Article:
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June 16, 2015


Last week I was at one of SSI’s key clients leading a Business Process Assessment (BPA). I have to admit that I really enjoy these BPA processes because it involves virtually every department in the shipyard (Design, Engineering, Planning, Production Control, Detail Planning, Document Control, Configuration Management, Production/Manufacturing, QC, etc.) including 1st Tier partners. This was the first BPA I have conducted with Autodesk which went very well and I look forward to future opportunities. Every BPA uncovers unique areas of improvements but because of NDAs I obviously cannot talk about any specific one that we found. However, I thought I would take this opportunity to list some of the challenges I see in almost every BPA engagement.

What is a BPA?

Before talking about those challenges, I should define what a BPA is and what it is not. My usual one-liner describing what a BPA is and assessment:

To align technology and company processes with your business goals and objectives.

A more detailed (but still short 🙂 ) explanation is a BPA will look at each department’s:

  1. Responsibilities and the activates, decisions and tasks they make throughout the entire lifecycle
  2. The information they require to make their decisions. This includes:
    1. the frequency they receive the information
    2. who they receive this information from
    3. the quality of the information especially if it requires additional processing
    4. the format this information is passed
    5. At what time the information is received
  3. The tools they use or do not use
  4. And finally the information they produce for other stakeholders

There are a lot more details but we do not need to get into that now.

A BPA process goal is to improve how your organization does what it does. This usually comes in 3 major phases which are then broken up into multiple milestones. The phases are:

  1. Short Term (1-4 months): Low hanging fruit which will see noticeable improvement when specific issues are dealt with. These are relatively low investment (time, effort, $) solutions which will not cause any disruption to your current deadlines.
  2. Medium Term (4 – 12 months): Longer term solutions which usually require new or modified processes with usually some minor investment (time, effort, $).
  3. Long Term (1 year – ?): The previous steps are usually stepping stones to this long term strategy. Every shipyard has a different vision of their yard and will require a long term goal which we are working towards.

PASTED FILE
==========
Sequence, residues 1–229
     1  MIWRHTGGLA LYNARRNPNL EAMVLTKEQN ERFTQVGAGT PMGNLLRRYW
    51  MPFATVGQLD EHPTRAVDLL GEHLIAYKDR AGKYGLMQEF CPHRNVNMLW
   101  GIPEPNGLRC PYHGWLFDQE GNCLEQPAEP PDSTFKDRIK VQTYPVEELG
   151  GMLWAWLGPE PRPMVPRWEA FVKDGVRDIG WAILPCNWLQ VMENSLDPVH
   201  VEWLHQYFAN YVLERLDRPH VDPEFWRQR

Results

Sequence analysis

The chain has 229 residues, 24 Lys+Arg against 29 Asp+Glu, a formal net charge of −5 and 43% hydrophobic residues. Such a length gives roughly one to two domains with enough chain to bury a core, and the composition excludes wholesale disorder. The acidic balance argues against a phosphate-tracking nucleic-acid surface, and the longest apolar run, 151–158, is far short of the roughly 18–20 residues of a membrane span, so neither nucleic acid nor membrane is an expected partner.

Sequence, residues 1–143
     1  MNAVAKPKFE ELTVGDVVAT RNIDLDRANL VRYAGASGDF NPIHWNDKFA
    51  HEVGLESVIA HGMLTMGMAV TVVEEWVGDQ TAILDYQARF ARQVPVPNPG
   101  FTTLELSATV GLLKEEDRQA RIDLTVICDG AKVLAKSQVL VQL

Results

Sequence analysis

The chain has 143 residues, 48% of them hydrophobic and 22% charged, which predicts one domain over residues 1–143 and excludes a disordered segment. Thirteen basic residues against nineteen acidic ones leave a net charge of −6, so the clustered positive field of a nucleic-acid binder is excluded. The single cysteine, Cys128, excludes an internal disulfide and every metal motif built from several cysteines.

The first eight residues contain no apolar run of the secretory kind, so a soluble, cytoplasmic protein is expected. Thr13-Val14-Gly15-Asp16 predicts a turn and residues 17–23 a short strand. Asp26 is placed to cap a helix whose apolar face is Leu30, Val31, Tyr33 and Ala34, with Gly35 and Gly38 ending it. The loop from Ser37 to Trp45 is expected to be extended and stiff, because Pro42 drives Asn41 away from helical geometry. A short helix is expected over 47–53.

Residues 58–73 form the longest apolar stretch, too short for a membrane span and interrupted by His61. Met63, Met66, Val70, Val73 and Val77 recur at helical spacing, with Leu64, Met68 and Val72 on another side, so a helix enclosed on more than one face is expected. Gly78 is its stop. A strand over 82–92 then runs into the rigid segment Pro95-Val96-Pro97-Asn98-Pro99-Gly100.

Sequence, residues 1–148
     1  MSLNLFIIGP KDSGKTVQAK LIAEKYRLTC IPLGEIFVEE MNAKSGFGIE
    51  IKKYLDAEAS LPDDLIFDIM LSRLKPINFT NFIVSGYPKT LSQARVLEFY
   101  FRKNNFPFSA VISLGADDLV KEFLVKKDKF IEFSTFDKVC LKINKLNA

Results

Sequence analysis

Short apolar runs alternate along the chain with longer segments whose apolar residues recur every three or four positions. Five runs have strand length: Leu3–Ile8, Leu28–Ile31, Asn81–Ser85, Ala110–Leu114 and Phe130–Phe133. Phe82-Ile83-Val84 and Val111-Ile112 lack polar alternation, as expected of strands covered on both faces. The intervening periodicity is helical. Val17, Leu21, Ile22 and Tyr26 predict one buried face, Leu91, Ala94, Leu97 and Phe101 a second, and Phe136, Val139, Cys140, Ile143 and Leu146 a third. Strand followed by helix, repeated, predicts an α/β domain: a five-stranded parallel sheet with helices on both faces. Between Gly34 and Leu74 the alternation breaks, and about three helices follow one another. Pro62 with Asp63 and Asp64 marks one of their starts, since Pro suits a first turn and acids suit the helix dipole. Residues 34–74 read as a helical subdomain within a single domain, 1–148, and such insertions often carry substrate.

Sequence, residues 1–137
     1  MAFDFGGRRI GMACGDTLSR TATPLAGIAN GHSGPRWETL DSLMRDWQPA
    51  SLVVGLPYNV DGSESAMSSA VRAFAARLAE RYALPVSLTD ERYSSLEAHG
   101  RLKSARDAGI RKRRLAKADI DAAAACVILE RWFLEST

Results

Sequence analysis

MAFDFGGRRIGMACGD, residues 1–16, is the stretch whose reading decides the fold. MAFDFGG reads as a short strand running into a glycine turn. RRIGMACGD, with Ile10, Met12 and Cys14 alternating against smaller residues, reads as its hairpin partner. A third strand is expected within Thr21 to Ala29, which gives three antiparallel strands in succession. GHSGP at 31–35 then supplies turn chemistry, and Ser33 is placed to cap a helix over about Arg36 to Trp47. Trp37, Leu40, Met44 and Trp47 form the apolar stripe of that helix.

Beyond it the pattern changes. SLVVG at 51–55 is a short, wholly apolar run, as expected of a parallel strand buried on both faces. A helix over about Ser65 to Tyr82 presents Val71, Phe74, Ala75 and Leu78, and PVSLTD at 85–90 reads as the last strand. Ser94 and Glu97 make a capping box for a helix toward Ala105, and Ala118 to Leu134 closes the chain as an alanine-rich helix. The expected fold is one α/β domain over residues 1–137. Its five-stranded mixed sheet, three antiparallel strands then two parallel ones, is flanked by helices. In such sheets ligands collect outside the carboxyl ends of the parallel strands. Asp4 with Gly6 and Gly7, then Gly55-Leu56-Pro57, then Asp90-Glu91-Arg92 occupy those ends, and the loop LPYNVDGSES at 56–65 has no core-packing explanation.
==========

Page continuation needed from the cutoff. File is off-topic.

The reason I am told clients ask SSI to conduct a BPA is because we have a really good understanding of all of the nuances of what it takes to build ships coupled with our extensive experience and knowledge of how shipyards globally have streamlined their processes. I for one have worn a hardhat and steel toes (sometimes) at over 30+ different shipyards across the world.

Three Common Challenges?

As mentioned at the beginning, there are some common themes I see in almost all BPAs. They may seem obvious but the fact remains, almost everyone has  these three high level challenges: configuration/change management; synchronizing platforms & systems; cross department process ownership. I will talk more about each of these topics below.

Challenge One: Configuration/Change Management

Creating a linear process is easy but in any business including shipbuilding this is not the case. Changes are absolutely going to happen and to ensure your processes and information flow supports change is key. Embracing the reality of change is the only way you can maximize your business.

Change happens at all phases from initial design to production. Each change is slightly different with the goal being to enable required changes and have the information easily available needed to conduct a proper impact analysis. For example, a change to the design where the parts are already cut on the waterfront has a greater impact than if the parts have not been cut or purchased. In some cases the late change is still required but knowing the impact to cost, effort and $ is very important.